Dysart Coun. John Smith’s suggestion that Haliburton might not need an arena in future drew immediate retaliation from fellow councillor and former NHL hockey player, Walt McKechnie.

During a recent council meeting, there was a discussion about raising ice rental fees by three per cent in September 2021, and possibly three per cent in the fall of 2022.

Dysart’s recreation co-ordinator, Andrea Mueller, said the Highland Storm Minor Hockey Association, which had seen registrations decline and taken “a hit” during COVID, told council with a larger than three per cent increase, the Storm “might have to fold the organization.”

But Smith said he’d be reluctant to set a three per cent expectation for 2022.

“Maybe it will need to be more. The reality is that this arena costs a lot of money. And there’s very few people in our community that actually make use of it.”


He said one council objective is the assessment of a recreation complex after a private donation of land across from the Pinestone Resort and Conference Centre.

“But maybe our future has a rec complex across the parking lot [from the township of Dysart offices] where the arena is currently located,”

Smith said “Maybe there won’t always be an arena.” Smith said Dysart et al is spending more than half-a-million dollars on the arena annually.

‘Outrageous’ to consider closing arena

“It is probably the only facility in town that costs that much money. And when you look at it on a per user basis, because again, registration is down, most of our community is never inside the hockey arena on the ice surface.”

Smith said it’s council’s responsibility to determine how taxpayers’ dollars are allocated and, “whether we’re putting it in the right place.”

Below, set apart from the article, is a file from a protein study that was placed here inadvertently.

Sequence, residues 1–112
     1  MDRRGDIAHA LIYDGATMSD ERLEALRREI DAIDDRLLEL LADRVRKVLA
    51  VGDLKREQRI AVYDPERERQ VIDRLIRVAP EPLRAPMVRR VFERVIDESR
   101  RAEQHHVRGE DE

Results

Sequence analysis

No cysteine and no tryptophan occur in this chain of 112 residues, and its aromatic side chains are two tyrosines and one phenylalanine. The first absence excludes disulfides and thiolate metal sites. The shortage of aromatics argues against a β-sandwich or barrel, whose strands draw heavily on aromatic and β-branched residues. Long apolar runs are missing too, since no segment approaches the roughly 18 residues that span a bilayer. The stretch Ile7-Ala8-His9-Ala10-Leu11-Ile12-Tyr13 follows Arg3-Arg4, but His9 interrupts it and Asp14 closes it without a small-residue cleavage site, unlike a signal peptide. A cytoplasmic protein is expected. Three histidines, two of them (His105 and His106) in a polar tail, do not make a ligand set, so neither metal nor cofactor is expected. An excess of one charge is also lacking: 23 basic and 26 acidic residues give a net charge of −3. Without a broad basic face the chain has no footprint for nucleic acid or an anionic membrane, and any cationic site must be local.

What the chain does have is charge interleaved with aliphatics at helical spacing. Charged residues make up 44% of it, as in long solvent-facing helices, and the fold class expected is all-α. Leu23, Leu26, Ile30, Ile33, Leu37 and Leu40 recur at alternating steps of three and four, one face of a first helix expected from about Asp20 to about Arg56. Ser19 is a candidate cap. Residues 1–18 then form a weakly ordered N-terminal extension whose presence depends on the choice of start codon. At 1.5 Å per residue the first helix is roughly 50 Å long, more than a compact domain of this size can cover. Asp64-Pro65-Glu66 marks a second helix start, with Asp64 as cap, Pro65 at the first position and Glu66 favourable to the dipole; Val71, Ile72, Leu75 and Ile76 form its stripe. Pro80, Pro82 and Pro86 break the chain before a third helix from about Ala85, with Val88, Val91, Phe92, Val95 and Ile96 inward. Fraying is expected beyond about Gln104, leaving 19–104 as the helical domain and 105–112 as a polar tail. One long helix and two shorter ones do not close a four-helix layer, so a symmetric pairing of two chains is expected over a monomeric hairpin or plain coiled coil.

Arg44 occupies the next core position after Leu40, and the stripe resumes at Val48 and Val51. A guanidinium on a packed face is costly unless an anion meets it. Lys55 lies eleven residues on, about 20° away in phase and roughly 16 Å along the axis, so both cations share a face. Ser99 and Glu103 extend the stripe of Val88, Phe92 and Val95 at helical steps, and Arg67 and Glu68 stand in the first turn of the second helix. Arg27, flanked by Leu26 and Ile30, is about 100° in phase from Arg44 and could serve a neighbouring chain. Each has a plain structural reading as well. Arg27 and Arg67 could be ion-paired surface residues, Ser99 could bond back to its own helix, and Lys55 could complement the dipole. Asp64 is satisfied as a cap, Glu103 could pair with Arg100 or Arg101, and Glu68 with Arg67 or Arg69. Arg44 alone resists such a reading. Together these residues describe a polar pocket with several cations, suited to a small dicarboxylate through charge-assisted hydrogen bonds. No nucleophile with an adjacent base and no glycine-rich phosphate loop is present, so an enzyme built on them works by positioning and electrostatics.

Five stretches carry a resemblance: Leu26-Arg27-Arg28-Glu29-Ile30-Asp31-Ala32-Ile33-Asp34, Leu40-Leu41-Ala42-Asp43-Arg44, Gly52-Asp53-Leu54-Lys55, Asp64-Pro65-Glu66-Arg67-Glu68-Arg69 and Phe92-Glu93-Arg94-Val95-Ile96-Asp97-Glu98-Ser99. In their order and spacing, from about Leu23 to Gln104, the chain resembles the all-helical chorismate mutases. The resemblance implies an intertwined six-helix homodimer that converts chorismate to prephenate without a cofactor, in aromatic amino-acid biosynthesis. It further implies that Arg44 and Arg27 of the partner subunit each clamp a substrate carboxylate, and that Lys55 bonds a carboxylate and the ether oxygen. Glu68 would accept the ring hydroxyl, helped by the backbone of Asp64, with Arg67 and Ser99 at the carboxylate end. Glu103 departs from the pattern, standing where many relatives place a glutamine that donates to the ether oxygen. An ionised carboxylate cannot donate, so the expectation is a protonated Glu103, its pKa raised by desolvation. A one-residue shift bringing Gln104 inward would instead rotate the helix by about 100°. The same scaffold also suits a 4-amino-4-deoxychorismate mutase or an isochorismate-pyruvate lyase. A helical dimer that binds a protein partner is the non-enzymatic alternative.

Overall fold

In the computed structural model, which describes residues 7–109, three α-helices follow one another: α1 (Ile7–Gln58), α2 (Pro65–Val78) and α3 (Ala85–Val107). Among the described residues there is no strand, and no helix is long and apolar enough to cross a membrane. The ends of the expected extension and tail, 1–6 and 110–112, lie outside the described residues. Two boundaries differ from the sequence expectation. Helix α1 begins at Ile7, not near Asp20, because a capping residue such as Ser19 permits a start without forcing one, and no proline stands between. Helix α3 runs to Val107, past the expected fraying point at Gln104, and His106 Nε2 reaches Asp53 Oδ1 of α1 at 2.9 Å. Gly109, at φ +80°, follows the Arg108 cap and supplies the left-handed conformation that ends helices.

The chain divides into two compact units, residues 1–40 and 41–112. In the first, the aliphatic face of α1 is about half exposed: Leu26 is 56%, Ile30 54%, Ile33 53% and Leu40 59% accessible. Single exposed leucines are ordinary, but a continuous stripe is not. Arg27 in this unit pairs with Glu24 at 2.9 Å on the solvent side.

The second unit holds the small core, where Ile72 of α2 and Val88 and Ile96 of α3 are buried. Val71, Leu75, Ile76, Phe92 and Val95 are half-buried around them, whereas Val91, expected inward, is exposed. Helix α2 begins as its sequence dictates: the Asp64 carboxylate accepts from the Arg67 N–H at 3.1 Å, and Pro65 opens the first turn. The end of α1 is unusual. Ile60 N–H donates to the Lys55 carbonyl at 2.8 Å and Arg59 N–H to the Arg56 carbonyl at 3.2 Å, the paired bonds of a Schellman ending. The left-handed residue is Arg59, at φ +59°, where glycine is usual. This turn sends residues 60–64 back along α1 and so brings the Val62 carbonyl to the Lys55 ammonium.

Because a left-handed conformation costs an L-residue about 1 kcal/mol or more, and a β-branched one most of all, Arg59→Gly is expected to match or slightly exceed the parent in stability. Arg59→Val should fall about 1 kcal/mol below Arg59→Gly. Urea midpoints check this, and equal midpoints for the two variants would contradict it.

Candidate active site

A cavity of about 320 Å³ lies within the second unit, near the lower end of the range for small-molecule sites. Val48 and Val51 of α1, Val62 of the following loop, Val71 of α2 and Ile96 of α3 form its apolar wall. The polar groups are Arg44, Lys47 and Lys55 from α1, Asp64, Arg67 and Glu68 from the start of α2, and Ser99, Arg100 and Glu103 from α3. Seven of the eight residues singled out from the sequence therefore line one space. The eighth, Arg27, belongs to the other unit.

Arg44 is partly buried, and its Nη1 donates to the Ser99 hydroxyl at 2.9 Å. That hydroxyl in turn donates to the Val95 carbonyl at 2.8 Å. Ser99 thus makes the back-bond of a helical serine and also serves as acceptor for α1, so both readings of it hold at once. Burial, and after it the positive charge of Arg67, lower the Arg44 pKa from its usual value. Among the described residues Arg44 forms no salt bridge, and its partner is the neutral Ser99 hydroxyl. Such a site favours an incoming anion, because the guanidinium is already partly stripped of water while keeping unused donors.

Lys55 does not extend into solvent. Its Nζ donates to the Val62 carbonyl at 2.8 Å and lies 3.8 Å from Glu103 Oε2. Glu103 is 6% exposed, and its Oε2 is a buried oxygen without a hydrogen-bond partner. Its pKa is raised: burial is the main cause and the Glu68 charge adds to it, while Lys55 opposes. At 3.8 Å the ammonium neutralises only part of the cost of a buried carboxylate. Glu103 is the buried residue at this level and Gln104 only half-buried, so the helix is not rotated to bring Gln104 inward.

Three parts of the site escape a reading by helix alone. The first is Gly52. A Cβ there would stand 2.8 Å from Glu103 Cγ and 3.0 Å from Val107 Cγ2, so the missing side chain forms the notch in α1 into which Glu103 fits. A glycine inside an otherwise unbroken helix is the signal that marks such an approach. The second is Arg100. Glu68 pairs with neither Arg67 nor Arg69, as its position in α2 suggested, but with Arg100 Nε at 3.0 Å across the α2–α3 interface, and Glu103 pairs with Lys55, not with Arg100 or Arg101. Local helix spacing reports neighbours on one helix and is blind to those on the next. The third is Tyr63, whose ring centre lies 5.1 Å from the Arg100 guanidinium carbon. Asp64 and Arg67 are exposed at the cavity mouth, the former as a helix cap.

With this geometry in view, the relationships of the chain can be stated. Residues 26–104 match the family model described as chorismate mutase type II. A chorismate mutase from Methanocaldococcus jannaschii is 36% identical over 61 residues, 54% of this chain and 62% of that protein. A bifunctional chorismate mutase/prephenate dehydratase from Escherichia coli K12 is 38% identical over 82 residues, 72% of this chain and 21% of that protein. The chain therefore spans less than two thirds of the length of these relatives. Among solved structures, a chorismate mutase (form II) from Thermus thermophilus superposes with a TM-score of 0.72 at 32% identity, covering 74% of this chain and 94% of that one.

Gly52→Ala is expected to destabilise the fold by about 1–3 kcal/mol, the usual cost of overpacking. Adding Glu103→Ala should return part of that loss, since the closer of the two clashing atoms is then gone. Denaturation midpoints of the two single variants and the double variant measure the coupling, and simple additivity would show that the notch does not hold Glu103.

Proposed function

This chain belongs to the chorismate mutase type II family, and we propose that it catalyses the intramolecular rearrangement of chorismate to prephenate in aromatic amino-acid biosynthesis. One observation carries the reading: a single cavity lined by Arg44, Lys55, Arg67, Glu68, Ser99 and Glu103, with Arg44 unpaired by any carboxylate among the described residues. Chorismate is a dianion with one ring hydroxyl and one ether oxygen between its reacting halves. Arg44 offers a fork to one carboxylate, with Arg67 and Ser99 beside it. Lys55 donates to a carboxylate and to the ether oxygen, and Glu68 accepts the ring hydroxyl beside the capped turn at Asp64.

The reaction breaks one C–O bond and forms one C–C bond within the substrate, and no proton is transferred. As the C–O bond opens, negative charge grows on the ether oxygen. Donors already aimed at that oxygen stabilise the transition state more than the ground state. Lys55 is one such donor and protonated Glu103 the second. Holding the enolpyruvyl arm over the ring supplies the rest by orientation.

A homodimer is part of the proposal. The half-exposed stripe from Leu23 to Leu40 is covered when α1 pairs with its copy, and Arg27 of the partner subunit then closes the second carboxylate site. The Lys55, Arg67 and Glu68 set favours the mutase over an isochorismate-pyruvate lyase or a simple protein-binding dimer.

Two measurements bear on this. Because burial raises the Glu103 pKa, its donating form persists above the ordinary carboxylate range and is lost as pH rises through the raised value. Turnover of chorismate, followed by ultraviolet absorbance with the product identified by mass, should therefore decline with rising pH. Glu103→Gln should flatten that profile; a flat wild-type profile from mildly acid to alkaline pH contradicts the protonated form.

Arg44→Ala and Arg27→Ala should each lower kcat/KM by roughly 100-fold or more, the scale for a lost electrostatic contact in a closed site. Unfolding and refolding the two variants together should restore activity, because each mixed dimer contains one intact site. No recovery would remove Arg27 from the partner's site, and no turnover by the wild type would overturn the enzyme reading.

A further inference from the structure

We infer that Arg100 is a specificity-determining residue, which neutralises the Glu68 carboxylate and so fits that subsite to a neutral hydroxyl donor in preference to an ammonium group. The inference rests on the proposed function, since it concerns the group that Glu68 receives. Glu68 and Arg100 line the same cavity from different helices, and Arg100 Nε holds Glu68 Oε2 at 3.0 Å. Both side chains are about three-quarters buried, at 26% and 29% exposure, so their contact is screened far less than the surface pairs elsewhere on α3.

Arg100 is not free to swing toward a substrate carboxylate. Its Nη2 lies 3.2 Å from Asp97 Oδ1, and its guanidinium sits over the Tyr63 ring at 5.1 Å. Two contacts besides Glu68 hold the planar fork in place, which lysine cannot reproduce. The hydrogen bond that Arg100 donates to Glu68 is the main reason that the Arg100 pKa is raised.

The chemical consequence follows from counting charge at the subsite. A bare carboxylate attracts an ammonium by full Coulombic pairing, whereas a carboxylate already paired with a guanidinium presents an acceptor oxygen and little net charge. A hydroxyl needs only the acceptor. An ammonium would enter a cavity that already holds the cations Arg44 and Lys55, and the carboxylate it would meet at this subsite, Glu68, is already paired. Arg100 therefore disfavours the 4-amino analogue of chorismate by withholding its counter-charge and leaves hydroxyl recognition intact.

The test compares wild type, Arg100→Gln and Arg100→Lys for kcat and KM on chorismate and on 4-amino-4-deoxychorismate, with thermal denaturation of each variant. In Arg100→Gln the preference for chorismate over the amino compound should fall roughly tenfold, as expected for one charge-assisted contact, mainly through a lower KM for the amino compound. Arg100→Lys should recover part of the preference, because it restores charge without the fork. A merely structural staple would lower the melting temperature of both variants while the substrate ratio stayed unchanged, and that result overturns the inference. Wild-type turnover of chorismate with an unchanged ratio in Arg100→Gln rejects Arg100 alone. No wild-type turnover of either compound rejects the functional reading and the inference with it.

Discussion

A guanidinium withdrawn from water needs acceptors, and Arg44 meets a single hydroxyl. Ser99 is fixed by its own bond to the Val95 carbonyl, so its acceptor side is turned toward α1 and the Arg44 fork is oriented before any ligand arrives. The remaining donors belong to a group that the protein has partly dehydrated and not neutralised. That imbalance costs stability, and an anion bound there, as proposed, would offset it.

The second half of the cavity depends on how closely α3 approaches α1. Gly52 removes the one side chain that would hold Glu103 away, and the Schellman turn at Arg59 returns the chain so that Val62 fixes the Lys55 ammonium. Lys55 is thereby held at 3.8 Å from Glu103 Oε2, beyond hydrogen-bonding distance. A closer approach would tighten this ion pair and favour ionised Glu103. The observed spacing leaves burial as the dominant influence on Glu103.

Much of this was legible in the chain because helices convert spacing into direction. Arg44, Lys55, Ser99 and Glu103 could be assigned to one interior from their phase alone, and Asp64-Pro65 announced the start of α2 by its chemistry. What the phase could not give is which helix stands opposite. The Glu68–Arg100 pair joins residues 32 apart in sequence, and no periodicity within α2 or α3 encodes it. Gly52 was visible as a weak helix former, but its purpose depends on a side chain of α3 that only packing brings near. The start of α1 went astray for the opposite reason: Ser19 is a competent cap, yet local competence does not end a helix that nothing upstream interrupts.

He said ice rental fees had not increased since 2018 and if minor hockey and other users can only afford three per cent “our costs are going up more than that. That’s why the facility is costing us over half-a-million.” McKechnie instantly responded.

“To me, that statement is just the kiss of death to a community, if you get rid of the arena.”

He said young families are having a tough time during the pandemic and registering for hockey might not be a priority.

“They’re worried about putting food on the table. We’re going through a really tough time here with this pandemic.” He said to even be thinking about closing the arena is “outrageous. I definitely would 100 per cent not be in favour of that.”

Storm ‘not at risk of folding’

Highland Storm president, Amanda Manning, said the organization thought a three per cent increase was “fair.” However, larger increases would have a direct impact on the association’s bottom line and the cost of registrations, which could affect families’ abilities to sign up.

However, she said “I don’t think we’re at risk of folding.”

She conceded there had been a decrease in registrations over the years, but said it was “slight.” She added that COVID had impacted numbers since the winter of 2020. During COVID, she said they had about 200 players, down from about 250.

The Ontario Minor Hockey Association, of which the Storm is part, announced a first of its kind registration drive June 14, aimed at bringing kids back post-COVID.

“Hockey is as Canadian as maple syrup. It’s in our blood. We never had to market the game before to kids in Ontario. But we recognize it is no longer a given kids are going to play hockey,” OMHA executive director Ian Taylor said.

McKechnie said it might require a community effort to put the spark back into hockey, with himself and other former NHLers helping to market the sport.

“Whether they’re boys and girls, men’s leagues, ladies’ leagues, hockey is a great game. Haliburton’s got a great history here. It just breaks my heart to think that someone would even think about closing our arena.”

He said not many communities make money or break even on arenas. “It’s part of a service that brings people here.

“And that arena has had a lot of great times. Right now, it’s kind of in a bad state. I think a lot has to do with COVID. Hockey has gone down a bit in the last few years. I think that the great hockey players that have been here, Bernie (Nicholls) and Ron (Stackhouse) and Matt (Duchene) and Cody (Hodgson) and an old guy like me, we could do more to try to promote it, get people out playing again. It breaks my heart to think about even closing that arena.”

Haliburton County, with a permanent population of 18,000 people, has three arenas. In addition to the A.J. LaRue Arena in Haliburton, there is the newly-refurbished S.G. Nesbitt Memorial Arena in Minden. It will be home to the new Haliburton County Huskies. There is also the Keith Tallman Memorial Arena in Wilberforce.

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